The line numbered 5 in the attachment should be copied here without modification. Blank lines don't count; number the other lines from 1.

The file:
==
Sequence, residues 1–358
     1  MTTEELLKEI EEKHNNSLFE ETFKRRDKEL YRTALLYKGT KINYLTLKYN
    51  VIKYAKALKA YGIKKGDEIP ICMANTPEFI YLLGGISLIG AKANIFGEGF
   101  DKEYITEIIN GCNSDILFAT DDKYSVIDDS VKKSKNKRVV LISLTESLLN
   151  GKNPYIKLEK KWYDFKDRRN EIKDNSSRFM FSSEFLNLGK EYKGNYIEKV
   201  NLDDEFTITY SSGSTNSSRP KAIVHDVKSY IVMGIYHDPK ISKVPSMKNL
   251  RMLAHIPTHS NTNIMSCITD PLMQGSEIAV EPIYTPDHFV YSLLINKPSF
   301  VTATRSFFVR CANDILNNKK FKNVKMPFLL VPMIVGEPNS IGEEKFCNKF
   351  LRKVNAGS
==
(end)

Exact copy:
   151  GKNPYIKLEK KWYDFKDRRN EIKDNSSRFM FSSEFLNLGK EYKGNYIEKV